Final Blow is a fighting (boxing) game developed in 1988 by Taito for the arcades and later converted to the Sega Mega Drive (Genesis) console and the Commodore Amiga, Atari ST and Commodore 64 home computers.
STORY / GAMEPLAY This is a sports game, so the actual story (goal) is to win! You choose a boxer and participate in one-off matches or enter a tournament to knock out everyone and become the World Champion. Apart from the Single Player mode, the game also supports two players versus mode (which is fun). There are 10 available boxers to choose from, but none seems to carry special features in his own individual way. There are five different punches to master: the upper cut, the swing punch, the low and high long punches and a lean-back jab. The boxing defense includes ducking, jumping (!) as well as shuffling forward and backwards. When the timing is ideal, you can unleash a final blow punch which can sometimes knock-out (KO) the opponent in a single strike. Overall, Final Blow is a good looking game though its gameplay is rather flat since all you have to do is to just hit the joystick's fire button as many times as possible and at the same time avoid a few hits. In this boxing game, it's easy to progress further in the championship so the difficulty level is quite fair! Leaving the "boredom" aside, the game is beautiful, especially on the 16bit versions.
GRAPHICS / SOUND The Amiga version keeps some nice details from the original coin-op version but in general it looks like a port from the Atari ST, differing in the action's pace which is much faster and smoother. The sprites are huge and nicely detailed while the backgrounds are vivid, including the fighting area (the ring) and the spectators around. The animation feels a bit "jerky" though, which is a let-down from this, otherwise respectable, boxing game. Final Blow's sound is good, featuring some nice sampled boxing sound effects (the ST version includes some of them as well) and a nicely composed main menu music tune.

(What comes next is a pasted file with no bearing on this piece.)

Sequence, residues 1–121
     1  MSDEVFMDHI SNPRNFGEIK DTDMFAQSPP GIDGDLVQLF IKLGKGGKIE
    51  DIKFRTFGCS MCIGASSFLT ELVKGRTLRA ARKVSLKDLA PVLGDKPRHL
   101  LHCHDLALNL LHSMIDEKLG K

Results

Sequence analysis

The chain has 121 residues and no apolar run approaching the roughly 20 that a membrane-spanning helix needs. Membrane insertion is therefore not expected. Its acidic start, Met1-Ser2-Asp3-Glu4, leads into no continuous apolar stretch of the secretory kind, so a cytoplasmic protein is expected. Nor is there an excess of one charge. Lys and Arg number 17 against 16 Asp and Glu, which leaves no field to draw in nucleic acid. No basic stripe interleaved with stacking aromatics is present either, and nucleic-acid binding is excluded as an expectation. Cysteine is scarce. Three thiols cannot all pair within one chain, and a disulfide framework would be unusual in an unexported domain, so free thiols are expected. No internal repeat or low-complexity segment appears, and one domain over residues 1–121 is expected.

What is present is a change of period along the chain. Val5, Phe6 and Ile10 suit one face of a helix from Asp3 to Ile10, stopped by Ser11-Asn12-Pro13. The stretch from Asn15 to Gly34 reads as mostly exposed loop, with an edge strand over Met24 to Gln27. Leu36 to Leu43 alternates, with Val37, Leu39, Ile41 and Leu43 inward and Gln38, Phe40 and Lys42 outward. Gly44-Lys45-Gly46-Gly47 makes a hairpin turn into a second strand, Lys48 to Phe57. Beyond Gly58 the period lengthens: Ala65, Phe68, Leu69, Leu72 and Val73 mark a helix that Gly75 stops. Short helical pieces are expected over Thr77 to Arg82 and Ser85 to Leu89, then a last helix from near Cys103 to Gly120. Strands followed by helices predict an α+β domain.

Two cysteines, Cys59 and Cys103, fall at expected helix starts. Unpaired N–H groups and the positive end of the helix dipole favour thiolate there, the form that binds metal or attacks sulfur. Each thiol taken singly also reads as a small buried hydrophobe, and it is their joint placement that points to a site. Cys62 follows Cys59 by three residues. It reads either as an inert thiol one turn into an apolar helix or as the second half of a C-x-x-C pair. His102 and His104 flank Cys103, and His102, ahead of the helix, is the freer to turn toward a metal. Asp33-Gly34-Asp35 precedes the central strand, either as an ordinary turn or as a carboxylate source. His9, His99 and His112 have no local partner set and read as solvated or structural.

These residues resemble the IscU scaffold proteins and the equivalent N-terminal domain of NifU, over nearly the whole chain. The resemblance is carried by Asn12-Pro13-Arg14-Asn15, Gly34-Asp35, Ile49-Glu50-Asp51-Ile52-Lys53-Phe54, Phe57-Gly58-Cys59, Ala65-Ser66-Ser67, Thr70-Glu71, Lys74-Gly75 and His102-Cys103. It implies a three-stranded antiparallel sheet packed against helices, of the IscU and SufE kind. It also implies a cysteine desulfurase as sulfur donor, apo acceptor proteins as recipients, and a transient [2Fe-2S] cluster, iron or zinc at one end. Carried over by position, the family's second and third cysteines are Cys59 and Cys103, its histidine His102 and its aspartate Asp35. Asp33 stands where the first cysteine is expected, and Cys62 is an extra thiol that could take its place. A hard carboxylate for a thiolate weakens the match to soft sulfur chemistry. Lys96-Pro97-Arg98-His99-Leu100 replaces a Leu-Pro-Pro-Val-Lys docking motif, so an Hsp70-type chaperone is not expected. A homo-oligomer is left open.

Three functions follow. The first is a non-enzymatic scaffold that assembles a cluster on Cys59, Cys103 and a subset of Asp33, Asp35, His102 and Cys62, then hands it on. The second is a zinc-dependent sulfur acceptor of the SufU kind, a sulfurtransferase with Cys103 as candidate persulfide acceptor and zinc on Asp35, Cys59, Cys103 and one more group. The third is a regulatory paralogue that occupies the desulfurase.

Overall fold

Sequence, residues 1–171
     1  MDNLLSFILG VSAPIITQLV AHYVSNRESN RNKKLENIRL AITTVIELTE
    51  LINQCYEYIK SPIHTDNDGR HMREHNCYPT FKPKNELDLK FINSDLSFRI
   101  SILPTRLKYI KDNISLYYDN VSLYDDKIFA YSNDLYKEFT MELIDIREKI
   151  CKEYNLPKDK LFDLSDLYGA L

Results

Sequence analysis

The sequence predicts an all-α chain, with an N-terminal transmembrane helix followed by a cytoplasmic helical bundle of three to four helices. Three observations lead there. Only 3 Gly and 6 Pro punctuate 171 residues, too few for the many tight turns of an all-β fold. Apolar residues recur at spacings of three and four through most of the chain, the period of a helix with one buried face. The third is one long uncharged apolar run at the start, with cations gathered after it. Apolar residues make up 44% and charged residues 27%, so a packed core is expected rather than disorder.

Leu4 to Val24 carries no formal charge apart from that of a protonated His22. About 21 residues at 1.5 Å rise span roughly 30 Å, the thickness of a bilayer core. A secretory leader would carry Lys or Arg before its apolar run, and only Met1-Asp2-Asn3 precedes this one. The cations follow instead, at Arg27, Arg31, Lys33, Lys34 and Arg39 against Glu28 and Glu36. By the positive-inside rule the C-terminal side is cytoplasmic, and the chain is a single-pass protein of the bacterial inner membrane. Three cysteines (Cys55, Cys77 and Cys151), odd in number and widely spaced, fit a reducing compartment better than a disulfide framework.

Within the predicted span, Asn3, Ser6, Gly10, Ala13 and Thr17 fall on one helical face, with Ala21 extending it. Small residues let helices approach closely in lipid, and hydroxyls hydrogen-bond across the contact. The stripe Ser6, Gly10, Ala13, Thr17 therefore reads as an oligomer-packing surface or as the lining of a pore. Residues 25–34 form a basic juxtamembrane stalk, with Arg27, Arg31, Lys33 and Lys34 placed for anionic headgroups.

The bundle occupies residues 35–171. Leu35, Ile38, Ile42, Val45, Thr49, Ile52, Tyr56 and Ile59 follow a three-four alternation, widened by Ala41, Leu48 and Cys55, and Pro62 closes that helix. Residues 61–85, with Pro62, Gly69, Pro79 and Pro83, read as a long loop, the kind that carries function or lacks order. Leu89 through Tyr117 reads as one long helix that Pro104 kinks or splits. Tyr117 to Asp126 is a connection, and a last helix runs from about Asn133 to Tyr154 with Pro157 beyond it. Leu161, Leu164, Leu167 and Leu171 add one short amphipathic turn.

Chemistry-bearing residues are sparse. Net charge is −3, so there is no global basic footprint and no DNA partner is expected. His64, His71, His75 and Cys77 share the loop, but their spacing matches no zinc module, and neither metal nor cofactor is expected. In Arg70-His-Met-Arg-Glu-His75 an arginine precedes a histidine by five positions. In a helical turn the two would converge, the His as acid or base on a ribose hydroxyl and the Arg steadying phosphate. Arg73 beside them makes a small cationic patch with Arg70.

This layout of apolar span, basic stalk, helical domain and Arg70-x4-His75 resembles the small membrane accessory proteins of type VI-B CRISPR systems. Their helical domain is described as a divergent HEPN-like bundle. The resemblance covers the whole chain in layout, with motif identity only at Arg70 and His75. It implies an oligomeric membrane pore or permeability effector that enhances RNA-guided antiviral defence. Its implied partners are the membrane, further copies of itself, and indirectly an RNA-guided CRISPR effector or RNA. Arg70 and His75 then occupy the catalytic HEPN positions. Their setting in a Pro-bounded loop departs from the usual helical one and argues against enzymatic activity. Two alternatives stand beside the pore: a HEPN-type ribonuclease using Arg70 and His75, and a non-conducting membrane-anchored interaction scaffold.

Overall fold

CPU: Motorola MC68000 7.16 MHz MEMORY: 512KB of Chip RAM (OCS chipset - A500), 512 KB of Slow RAM or Trapdoor RAM can be added via the trapdoor expansion, up to 8 MB of Fast RAM or a Hard drive can be added via the side expansion slot. The ECS chipset (A500+) offered 1MB on board to 2MB (extended) of Chip RAM. GRAPHICS: The OCS chipset (Amiga 500) features planar graphics (codename Denise custom chip), with up to 5 bit-planes (4 in hires), allowing 2, 4, 8, 16 and 32 color screens, from a 12bit RGB palette of 4096 colors. Resolutions varied from 320x256 (PAL, non-interlaced, up to 4096 colors) to 640x512 (interlace, up to 4 colors). Two special graphics modes where also included: Extra Half Bright with 64 colors and HAM with all 4096 colors on-screen. The ECS chipset models (Amiga 500+) offered same features but also extra high resolution screens up to 1280x512 pixels (4 colors at once). SOUND: (Paula) 4 hardware-mixed channels of 8-bit sound at up to 28 kHz. The hardware channels had independent volumes (65 levels) and sampling rates, and mixed down to two fully left and fully right stereo outputs